Establishing a culture of engagement is a competitive advantage for any company. Creating an engaging organization relies on a number of different factors; however, one of the most critical is gaining and leveraging input from your employees. It’s not really about if you ask for feedback through surveys, 1:1 conversations, mentoring, etc., it is more about how you respond to the inputs and how it changes your organization.
Leaders want to create organizations that are exciting and great places to work; however, candid feedback from employees can provide enlightening information that may or may not align with the leader’s perspective. Understanding this detail can be a catalyst to the success of the organization.
Employee surveys are nothing new and organizations have been attempting to take the pulse of the employee base for decades. However in many instances, those surveys were seen only as HR initiatives by both the employee and management. They were a necessary evil to comply with an underlying mandate to show compassion around the well being of the employee. Because of this perception, employees didn’t wholeheartedly participate and the results generally became binders that collected dust on the shelves of management. Don’t get me wrong, there were people within organizations that took this process seriously; however, without being fully embraced, success was limited.
I remember a time early in my management career, there was a big push to address survey results communicated by the employee base. One of the executives leveraged what became an overused term of the time – Walk the Talk. While this became a mantra within the company with a large internal marketing initiative, it really wasn’t embraced by management and soon became another failed attempt of adapting the organization based on input from the employees.
In today’s market you need candid & honest feedback even if it may be controversial. You want to understand how well employees are emotionally committed and connected to the organization’s vision. Lastly, it is imperative that employees feel like their input is being considered and leveraged in driving the success of the organization.
In order to ensure that you gather the right feedback, you need to ensure that you provide clarity on your purpose of the survey. You need to communicate that you are truly looking to improve the overall success of the organization and understand that success at the individual level (personally and professionally) will drive organizational success. You need to highlight what type of information you are asking for, what you will be doing with the information and most importantly, WHY you are asking for feedback.
Once the survey is completed make sure you identify key areas of focus, actions that will be taken and how you will measure improvement. Be careful to not overextend yourself by trying to focus on too many things at once. Be selective of the priority items to ensure that efforts will enhance performance and progress will be made. Additionally, communicate this information with the team. Again, it is critical that everyone sees their inputs being considered and leveraged.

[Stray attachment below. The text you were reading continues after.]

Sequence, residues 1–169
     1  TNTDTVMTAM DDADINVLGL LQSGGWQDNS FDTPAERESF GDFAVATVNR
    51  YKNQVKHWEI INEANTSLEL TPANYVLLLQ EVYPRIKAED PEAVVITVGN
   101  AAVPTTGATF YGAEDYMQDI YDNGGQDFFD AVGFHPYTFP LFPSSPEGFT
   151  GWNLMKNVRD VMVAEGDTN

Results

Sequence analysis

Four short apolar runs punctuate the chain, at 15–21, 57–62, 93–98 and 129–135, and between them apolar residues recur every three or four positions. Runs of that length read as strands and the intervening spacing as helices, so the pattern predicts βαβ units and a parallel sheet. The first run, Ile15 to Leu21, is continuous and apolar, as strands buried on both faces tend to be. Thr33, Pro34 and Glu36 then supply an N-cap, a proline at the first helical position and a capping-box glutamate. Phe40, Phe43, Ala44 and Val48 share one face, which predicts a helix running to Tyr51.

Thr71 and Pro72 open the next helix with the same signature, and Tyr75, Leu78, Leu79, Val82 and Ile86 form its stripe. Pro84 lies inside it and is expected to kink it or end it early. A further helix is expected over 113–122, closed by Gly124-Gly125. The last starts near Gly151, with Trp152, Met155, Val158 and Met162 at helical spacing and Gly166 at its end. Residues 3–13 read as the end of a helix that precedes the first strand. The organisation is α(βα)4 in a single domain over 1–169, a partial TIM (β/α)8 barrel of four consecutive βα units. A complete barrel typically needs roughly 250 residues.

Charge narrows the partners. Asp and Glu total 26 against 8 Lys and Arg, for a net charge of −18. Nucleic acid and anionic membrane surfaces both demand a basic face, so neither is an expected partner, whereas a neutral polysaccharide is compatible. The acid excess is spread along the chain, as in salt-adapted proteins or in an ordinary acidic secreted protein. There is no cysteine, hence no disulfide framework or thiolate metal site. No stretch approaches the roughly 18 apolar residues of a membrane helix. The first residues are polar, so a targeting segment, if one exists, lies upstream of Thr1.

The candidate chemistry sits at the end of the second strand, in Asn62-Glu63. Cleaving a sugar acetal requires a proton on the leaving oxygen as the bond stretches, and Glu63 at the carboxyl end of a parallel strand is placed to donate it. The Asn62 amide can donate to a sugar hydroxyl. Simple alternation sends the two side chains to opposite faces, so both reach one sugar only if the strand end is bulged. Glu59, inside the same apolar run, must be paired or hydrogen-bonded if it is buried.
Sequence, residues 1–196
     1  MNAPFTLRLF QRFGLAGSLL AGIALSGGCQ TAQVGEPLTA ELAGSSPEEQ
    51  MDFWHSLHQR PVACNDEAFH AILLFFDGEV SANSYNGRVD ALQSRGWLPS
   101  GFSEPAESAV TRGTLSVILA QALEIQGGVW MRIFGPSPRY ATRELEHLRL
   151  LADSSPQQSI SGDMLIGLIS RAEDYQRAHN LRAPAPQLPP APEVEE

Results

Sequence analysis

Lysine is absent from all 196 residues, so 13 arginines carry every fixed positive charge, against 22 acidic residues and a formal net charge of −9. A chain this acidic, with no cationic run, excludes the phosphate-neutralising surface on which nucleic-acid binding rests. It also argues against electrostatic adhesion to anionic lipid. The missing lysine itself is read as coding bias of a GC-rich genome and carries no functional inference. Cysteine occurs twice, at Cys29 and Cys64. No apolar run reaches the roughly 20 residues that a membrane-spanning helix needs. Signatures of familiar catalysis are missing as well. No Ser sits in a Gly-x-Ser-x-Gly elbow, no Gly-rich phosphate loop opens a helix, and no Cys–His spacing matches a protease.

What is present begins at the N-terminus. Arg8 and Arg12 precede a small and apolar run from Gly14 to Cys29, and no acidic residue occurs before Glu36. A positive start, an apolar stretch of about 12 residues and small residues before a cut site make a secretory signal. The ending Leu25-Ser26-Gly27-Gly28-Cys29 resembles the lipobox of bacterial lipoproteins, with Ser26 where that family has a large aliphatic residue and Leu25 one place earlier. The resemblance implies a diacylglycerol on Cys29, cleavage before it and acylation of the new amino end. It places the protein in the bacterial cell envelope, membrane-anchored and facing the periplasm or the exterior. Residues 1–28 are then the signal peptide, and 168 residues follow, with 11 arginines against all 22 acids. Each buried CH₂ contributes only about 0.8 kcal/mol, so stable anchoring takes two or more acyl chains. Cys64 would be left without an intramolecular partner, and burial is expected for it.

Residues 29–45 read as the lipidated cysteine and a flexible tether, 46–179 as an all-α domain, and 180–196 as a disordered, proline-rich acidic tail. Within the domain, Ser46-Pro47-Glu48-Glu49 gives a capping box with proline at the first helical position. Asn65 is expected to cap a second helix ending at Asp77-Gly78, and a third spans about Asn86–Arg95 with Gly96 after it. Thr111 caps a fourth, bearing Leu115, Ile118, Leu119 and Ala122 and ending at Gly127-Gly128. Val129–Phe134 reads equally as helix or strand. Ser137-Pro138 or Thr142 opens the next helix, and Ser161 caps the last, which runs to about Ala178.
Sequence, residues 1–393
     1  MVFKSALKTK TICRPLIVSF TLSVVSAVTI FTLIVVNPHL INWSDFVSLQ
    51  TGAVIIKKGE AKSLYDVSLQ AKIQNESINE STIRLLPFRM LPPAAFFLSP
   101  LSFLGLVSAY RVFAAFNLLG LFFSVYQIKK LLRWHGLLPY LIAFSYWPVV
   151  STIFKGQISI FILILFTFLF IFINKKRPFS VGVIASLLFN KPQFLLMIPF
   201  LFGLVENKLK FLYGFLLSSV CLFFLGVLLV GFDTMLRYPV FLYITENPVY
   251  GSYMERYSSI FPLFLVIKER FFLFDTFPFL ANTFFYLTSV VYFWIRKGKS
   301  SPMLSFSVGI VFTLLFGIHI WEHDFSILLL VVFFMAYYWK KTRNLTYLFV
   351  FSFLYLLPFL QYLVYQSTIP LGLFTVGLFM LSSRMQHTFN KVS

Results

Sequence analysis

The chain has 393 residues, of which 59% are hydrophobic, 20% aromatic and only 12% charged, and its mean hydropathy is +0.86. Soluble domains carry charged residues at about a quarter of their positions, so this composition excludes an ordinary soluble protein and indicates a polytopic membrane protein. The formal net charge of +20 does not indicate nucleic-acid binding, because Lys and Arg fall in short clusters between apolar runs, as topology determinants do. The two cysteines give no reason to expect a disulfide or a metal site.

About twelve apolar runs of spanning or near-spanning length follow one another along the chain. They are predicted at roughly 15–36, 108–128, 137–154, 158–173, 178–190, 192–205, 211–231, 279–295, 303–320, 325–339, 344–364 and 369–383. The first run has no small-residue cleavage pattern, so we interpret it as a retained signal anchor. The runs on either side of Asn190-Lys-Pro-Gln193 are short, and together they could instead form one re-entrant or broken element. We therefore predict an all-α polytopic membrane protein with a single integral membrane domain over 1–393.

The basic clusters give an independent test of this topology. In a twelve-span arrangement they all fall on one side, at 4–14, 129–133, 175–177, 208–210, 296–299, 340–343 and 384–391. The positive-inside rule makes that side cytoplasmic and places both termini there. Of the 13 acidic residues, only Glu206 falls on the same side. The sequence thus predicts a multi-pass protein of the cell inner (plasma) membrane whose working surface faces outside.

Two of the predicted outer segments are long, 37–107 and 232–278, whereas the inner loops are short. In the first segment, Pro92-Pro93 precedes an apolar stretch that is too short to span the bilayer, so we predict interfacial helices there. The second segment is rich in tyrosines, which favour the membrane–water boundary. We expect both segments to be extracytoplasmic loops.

Another critical element is the cadence by which you administer the surveys. Many companies do annual surveys while others do them much more frequently. If you try to do surveys too often, the leadership team will not have time to influence a difference in the organization. You need to have time to make a difference … a noticeable difference that employees can recognize. If you don’t complete surveys at least once per year, it will not be recognized by the employees. One thing is for sure, it can’t be a ONE TIME activity… you need to measure … take action … measure again.
While the cadence of an official broad reaching employee survey can’t be more than 2 times per year, it is important that the organization continuously gathers input from individuals. This can be done through a number of ways, including one on one meetings between employees and management, mentoring programs, and casual conversations.
In today’s market, there are a number of online/mobile applications that are designed to measure employee happiness & engagement. myhappiness (myhappiness.io) is one such application that is designed to give individuals the ability to measure their happiness or how burnt out and frustrated they may be. The application sends out daily notifications to employees to allow them to rate their happiness on a scale from 1 – 100. It then allows them to rate individual areas of their lives (work, relationships, money, etc.) that are contributing to their happiness level. Additionally, the individual can write comments on what’s impacting their day – positively or negatively. This data can be aggregated at an organizational level to begin to give insight to employee happiness and their engagement at work.
No matter what method you use, it is critical in today’s competitive employment market to encourage employee engagement and make sure you are leveraging the information provided.